We wondered what the best waterworks-based cycle experience would be. Cycling past Bazalgette’s Cathedral of Sewage, perhaps, on the Greenway? But the Greenway’s out in remote east London, and rather dull. There’s little look at except the broken glass shards in the middle of the path, little to do except mend your punctures en route, and little to report except the youths who stole your phone while you did it.
Biking along the path of the New River in Islington? But there’s not much to see from the saddle. Visiting the offices of Thames Water? Ermm, probably not.
So we decided on a slightly different sort of Water Works: the Thames Barrier (all pics), whose vast metal sluicegates first protected the capital from tidal surges in 1983.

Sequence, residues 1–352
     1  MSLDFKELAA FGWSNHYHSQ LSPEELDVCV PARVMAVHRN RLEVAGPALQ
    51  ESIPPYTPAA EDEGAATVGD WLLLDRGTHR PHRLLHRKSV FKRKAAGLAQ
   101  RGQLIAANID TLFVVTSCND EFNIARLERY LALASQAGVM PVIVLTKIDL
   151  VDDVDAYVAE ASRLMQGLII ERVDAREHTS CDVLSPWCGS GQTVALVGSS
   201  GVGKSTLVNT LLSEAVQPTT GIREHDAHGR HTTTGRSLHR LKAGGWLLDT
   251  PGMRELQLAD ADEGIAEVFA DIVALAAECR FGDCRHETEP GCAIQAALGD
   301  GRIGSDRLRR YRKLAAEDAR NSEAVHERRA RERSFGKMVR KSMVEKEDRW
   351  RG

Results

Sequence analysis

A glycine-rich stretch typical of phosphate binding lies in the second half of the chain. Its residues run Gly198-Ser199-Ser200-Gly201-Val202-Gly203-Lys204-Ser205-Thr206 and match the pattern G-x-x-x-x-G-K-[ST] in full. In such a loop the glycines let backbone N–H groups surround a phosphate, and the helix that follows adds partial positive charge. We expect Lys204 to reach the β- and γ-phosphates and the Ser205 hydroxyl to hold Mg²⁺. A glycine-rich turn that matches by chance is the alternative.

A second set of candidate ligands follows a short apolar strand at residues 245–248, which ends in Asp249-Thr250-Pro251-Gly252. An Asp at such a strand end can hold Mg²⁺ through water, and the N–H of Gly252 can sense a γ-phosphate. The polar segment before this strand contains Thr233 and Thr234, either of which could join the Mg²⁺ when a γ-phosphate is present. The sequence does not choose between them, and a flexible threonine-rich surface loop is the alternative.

Southwark Cyclists organised a visit last year and we were given a talk full of genuinely fascinating facts and figures. All of which I’ve forgotten, but the upshot is that it’s a good job it was built, or else I’d be able to canoe to the shops several times a year. And I live on the first floor.
We also walked through the barrier’s service tunnel to the other side – not open to the public of course – and noted that toting a folder down there would give you another way of cycling across the Thames, a theoretical addition to the crossings listed and described in detail in my series earlier this year. (Obviously, there’s no way across the top.)
The Barrier has a visitor centre with cafe on the south side (right), a couple of miles beyond Greenwich on the glorious riverside cycle path that runs all along the south bank from central London to as far out as Dartford. It’s a lovely day trip.
On the north side (above right), there’s a park with an unprepossessing entrance just south of Victoria Dock and near London City Airport, but the cafe is good and stylish and it’s another enjoyable biking destination.
Monopoly’s Water Works costs £150. What could this buy you there? Probably best put the money towards your water bill. Should cover at least a month or so.